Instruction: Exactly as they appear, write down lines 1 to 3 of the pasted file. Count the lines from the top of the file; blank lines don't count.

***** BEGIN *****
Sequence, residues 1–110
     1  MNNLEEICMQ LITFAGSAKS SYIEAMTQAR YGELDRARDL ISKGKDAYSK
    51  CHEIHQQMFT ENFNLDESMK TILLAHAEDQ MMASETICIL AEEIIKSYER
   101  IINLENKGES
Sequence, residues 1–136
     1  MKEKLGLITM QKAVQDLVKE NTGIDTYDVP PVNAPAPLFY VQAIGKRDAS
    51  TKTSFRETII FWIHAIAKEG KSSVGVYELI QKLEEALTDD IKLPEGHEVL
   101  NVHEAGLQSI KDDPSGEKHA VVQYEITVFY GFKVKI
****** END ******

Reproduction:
Sequence, residues 1–110
     1  MNNLEEICMQ LITFAGSAKS SYIEAMTQAR YGELDRARDL ISKGKDAYSK
    51  CHEIHQQMFT ENFNLDESMK TILLAHAEDQ MMASETICIL AEEIIKSYER